'Whatever furthers the general interest of the community as opposed to the particular interest of the individual must be regarded as a public purpose'.
This test is by its very nature elastic and it is as well that it should be so. So diverse and varied can be the activities, engagements and operations which may redound to the general benefit of the public and in which the general interest of the public can be said to be really involved that it is impossible to expect a definition exclusive or inclusive which will aptly meet every particular objective within the matrix of public purpose and yet not fail in some circumstances. But the basic concept underlying the expression 'public purpose' is general interest of the community. Now in every field of economic activity individual interest in its ultimate consequence is necessarily related to the general interest of the community. Any economic activity which primarily serves individual interest would also ordinarily in its operation and effect tend to benefit the community. Take for example an individual who deals in textile goods for profit. His activity though carried on primarily and exclusively for his private benefit must inevitably result in benefit to the community, as by such activity textile goods would become available to the members of the community and their need would be supplied. But that does not make the activity a public purpose. There must be something more - some characteristic which distinguishes a public purpose from a private purpose. The purpose to be a public purpose must be one which is primarily or predominantly for the general benefit of the community. It is not enough that it benefits the community incidentally for, as stated above, every economic activity is bound to have that effect. It must be mainly and primarily designed to serve public interest and though in its implementation it may incidentally benefit particular individuals, such incidental benefit to private individuals would not convert it into private purpose. The test which has, therefore, to be applied is whether the purpose is one which is primarily and predominantly one for the general interest of the community or it is mainly or primarily to serve the interest of a few individuals. Is the emphasis on the general benefit of the community or is it on the benefit of some specified individuals? If it is the former, it would be a public purpose but not so, if it is the latter. That is the only way in which a line can be drawn to distinguish a public purpose from a private purpose. The difference between the two can become recognizable and meaningful only if this interpretation is accepted. And this interpretation is clearly borne out by the classic statement of 'public purpose' given by Batchelor J., and approved by the Privy Council in Hamabai Framjee Petit v. Secy. of State for India. 42 Ind App 44 = (AIR 1914 PC 20), where it was said that--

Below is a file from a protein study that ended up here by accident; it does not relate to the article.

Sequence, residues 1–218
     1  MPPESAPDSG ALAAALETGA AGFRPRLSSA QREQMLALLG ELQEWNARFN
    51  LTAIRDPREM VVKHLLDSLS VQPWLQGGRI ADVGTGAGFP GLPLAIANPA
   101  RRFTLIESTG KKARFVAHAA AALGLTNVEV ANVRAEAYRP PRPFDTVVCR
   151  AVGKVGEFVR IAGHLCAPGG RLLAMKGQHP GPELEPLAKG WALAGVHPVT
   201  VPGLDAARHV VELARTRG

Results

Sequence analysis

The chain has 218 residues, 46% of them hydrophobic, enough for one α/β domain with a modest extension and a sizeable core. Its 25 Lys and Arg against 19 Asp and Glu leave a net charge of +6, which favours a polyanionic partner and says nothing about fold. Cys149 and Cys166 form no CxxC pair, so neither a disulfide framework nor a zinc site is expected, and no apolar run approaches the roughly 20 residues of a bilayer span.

the phrase, whatever else it may mean, 'must include a purpose, that is, an object or aim, in which the general interest of the community, as opposed to the particular interest of individuals, is directly and vitally concerned'.